World No Tobacco Day was established by the World Health Organization (WHO) in 1987 to highlight the health risks associated with tobacco use and promote tobacco control measures.
Tobacco use is the leading cause of preventable death and is responsible for over 8 million deaths each year globally.
Tobacco contains nicotine, a highly addictive substance that makes quitting smoking challenging for many individuals.
Smoking tobacco is linked to various health conditions, including lung cancer, heart disease, stroke, chronic respiratory diseases, and many other cancers.
Secondhand smoke, also known as passive smoking, is equally harmful. It can cause respiratory problems, cardiovascular diseases, and even increase the risk of sudden infant death syndrome (SIDS).
Smokeless tobacco products, such as chewing tobacco and snuff, are also harmful and can lead to oral cancers, gum diseases, and other health complications.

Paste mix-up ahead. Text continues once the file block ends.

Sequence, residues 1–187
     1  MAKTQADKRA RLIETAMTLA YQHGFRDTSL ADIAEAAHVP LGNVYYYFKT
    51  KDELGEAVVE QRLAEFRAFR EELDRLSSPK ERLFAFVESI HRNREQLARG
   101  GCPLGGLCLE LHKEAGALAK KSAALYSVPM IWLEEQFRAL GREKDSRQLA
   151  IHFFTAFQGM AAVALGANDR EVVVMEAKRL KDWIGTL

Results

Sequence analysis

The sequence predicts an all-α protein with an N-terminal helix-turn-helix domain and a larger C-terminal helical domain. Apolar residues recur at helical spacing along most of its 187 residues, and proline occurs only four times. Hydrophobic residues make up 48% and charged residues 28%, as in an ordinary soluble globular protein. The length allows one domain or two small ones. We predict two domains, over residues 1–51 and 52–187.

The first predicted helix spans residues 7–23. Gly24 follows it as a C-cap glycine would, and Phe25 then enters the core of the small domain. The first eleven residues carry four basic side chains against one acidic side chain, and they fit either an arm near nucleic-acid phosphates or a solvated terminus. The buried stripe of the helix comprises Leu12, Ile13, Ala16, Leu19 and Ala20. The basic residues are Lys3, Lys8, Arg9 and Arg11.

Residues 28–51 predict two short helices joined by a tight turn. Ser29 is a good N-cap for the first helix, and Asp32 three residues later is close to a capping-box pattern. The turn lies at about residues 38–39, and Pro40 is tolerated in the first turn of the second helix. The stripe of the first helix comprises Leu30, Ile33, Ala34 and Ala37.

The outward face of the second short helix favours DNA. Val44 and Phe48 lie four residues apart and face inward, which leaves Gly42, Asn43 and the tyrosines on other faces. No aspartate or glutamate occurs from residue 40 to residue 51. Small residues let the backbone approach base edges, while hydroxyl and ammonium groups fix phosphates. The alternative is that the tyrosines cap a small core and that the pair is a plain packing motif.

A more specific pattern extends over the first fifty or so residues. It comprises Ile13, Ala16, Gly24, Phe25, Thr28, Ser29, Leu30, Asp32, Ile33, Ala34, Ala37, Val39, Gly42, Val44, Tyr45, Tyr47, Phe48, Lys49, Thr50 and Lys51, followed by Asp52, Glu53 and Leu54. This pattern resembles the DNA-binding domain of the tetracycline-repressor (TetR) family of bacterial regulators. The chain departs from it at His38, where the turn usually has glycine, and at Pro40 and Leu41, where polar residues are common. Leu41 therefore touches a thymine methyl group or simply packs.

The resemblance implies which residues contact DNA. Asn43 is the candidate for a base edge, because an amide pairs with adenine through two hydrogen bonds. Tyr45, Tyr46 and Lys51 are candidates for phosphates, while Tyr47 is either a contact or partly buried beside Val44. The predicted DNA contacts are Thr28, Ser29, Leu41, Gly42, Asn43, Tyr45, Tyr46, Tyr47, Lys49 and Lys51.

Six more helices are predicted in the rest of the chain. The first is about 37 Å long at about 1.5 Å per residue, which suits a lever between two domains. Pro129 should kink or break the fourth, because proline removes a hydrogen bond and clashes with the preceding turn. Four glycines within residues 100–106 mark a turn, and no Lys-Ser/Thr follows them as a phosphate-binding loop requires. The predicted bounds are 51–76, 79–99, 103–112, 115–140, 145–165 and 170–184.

Tobacco use not only affects physical health but also has detrimental effects on mental health, contributing to anxiety, depression, and increased stress levels.
World No Tobacco Day serves as a platform for individuals, organizations, and governments to promote tobacco control policies, raise awareness about the dangers of tobacco, and support individuals in their efforts to quit smoking.
Effective tobacco control measures include higher taxes on tobacco products, comprehensive bans on tobacco advertising, promotion, and sponsorship, graphic health warnings on cigarette packs, and support for tobacco cessation programs.